An Invitation to Join a Dialogue
Many deferred compensation plans are significantly underfunded due to the inaccuracy of the underlying assumptions. Other “Design” options depend on the accuracy of these assumptions as well. The goal of these articles is to explore ways to spend less money … not more … and to do so more intelligently. This article discusses the various issues associated with “Life Expectancy” used in deferred compensation plans. Our guest author is Jason Konopik, a Fellow in the Society of Actuaries, from AMZ Financial.
The Effect of Life Expectancy on Deferred Compensation Arrangements
The “law of large numbers” is one of the most well-known statistical concepts. It states the larger the population, the more predictable the results. One of the best examples of the law of large numbers is gambling.
As an illustration, a roulette wheel typically has 38 different “pockets” where the ball can land, so the odds of winning are 1 in 38. If a player picks the right pocket they usually receive $37 for every $1 bet. If the casino used the wrong assumptions and paid out $39 for every $1 bet they wouldn’t be in business for long.
However, even though the casino has a lower payout than the probability of a player picking the correct slot, it is the fact that millions of individuals play that makes a casino successful. The casino wins because of the odds AND the law of large numbers.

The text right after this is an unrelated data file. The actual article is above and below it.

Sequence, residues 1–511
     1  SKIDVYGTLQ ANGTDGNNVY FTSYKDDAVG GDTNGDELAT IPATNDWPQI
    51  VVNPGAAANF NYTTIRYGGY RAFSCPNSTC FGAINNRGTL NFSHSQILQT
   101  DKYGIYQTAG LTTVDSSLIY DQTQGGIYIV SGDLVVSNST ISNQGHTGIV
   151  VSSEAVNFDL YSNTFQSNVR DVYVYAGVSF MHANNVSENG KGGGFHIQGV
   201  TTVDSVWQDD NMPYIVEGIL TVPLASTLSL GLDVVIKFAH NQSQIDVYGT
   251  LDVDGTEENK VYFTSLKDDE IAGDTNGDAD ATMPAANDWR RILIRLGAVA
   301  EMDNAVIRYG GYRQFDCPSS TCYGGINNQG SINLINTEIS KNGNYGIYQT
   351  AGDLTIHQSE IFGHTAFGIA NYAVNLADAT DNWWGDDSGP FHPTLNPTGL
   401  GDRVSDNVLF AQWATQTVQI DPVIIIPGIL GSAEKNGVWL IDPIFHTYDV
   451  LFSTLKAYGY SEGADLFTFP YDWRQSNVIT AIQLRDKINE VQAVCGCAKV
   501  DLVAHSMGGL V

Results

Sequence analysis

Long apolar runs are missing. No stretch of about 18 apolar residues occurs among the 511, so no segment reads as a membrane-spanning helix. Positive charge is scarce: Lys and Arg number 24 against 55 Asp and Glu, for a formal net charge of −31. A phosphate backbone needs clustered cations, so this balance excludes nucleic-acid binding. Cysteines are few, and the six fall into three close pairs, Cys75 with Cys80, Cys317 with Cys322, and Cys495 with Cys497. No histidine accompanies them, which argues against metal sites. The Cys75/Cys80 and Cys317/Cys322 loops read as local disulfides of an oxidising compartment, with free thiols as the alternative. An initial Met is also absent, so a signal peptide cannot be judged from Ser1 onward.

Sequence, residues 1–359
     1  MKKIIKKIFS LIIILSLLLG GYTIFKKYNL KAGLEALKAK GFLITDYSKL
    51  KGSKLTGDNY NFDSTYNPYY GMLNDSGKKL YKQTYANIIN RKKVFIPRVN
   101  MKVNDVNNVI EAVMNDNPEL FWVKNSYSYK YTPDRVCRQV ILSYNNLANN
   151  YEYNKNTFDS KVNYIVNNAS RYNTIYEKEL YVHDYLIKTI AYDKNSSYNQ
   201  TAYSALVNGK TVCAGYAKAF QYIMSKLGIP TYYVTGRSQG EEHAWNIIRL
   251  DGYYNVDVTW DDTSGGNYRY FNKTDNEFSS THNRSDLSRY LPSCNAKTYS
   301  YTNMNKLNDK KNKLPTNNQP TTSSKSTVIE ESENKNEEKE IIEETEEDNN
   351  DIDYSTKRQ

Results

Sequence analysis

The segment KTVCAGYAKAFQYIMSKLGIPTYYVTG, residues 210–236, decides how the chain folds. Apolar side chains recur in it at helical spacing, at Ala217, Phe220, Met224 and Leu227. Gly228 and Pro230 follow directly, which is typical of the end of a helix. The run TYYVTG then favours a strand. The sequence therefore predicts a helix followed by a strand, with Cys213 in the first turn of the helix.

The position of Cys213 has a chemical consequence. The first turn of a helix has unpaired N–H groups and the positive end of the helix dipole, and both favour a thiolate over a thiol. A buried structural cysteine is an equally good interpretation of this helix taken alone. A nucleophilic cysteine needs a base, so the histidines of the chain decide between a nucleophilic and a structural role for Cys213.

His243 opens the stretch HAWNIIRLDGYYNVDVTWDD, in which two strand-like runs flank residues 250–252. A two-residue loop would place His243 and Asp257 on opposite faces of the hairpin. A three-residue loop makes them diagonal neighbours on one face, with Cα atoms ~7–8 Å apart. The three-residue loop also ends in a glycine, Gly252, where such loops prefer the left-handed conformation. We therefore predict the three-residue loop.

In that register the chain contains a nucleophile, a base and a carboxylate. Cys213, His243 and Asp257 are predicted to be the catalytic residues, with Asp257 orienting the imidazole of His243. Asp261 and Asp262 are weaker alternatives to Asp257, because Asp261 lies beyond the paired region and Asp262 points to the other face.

For example, if the casino accepts one $1,000,000 bet from one individual, even though the casino “should” win, there is a chance the casino “could” lose $36,000,000. However if the casino accepts one million $1 bets the casino is guaranteed to win. This is the law of large numbers!
Are Deferred Compensation Plans Based On The Same Statistical Concepts As Gambling?
The use of a deferred compensation plan for an executive or highly paid individual can be a very effective tool to provide retirement benefits. However, it needs to be understood just what a deferred compensation plan is designed to provide.
As with the roulette example, the two key points to understand are the impact of the law of large numbers (or lack thereof) and the realism of the assumptions used to set the funding.
Typically, most executives expect the plan will eventually provide them the equivalent of their targeted benefit at retirement for their lifetime. The over-simplified steps used to set up a deferred compensation plan are 1) determine the targeted benefit and 2) determine the actuarial present value of that benefit stream – this is the funding level. The actuarial present value takes interest and the likelihood of dying each year into account when determining the lump sum needed today to pay out the executive through their average lifetime, or life expectancy.
This is very similar to how an insurance company calculates the premium they charge to provide a guaranteed benefit stream to a client buying a Single Premium Immediate Annuity. To illustrate, assume an insurance company charges $5 to five individuals for an annuity that pays $1 a year during their lifetime. Further, assume all the individuals have a 10% chance of dying every year. For simplification, we will not take interest or profits into account.